Shin-Soo Choo's development has been the best storyline in an otherwise dismal 2009 season for the Cleveland Indians.
Choo, 27, has been the most consistent player this year for the Indians and has shown he is the right fielder of the future in Cleveland.
Through all of the trades, losing, and grumblings about his manager being fired, Choo has not had a hitting slump all year and has shown he does not have a big hole in any area of his game.
Outside of Cleveland, he is one of the most underrated players in all of baseball.
I believe he has surpassed Grady Sizemore as the best player on the Indians.
Let's look at the five tools that make up the great all-around players in baseball and see how Choo fits them:
1. Hitting for Average
Choo has been hovering right around .300 for the entire season and entering today is hitting .297 with a .400 OBP. This may not look like a great average, but the consistency with which he has done it is what really makes it good.
Hitting in the middle of the lineup, Choo has been exactly what Cleveland has needed. He never gets in slumps and always seems to get timely hits. He seems to always be on base because of his great patience and that is shown in his .400 on base percentage.
2. Hitting for Power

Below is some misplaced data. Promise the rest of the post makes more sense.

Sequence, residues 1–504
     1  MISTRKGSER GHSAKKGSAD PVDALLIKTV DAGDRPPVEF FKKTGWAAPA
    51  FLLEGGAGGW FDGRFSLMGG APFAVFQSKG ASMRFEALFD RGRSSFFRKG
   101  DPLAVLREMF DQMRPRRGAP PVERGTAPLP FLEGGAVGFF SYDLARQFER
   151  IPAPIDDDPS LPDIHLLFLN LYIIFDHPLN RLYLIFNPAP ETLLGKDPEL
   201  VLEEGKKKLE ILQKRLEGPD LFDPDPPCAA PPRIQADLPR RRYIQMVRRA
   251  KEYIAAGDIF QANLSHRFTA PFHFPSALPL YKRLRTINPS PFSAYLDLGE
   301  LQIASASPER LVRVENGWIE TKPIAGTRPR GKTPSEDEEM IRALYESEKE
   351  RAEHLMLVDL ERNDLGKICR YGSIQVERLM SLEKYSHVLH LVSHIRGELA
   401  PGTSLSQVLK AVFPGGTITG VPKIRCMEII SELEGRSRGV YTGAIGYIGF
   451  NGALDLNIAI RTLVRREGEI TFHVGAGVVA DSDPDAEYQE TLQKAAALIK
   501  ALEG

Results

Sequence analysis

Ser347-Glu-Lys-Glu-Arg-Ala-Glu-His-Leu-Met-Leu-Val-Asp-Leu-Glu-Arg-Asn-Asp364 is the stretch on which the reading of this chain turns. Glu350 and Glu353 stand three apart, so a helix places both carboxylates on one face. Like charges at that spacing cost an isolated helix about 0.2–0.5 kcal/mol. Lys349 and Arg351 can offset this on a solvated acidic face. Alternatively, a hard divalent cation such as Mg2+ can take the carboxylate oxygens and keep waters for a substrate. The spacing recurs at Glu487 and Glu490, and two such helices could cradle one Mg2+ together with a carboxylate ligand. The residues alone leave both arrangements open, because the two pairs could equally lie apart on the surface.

Power is not measured only by home runs. Choo is an extra base machine, consistently plugging gaps and occasionally hitting it out. He has 28 doubles, four triples, and 14 home runs. That would be 48 extra base hits to go along with his .875 OPS.
Anyone that has seen Choo throw will tell you that he has one of the top five arms in the game. He has nine outfield assists, which is good for third in the AL. He has done that when it is apparent that no one seems to be running on him lately.
All teams have become aware of his arm and are very hesitant to send anyone on him. It has been said that Choo can throw from the centerfield wall to the plate on a fly without moving his feet.
Choo may not win a Gold Glove in his time in the majors, but he has shown he is a very good defensive player. Watching games, I am always confident Choo will get to balls in the gaps or down the lines. He has great closing speed, and I need not say anything about his arm.
He has to be one of the smartest base runners in the entire game. You may not be able to tell this unless you watch him on a consistent basis. He does all the little things, and I mean all of them. He seems to always getting the extra base. He is 17 for 18 on stolen bases this year and has shown speed in the outfield.
This is what makes Choo one of the top players in the game. Playing on a losing team in a smaller market has him being overlooked a bit. If Choo can keep doing this consistently for years to come, and there is no reason to believe he will not, he will soon be recognized as one of the best five-tool players in baseball.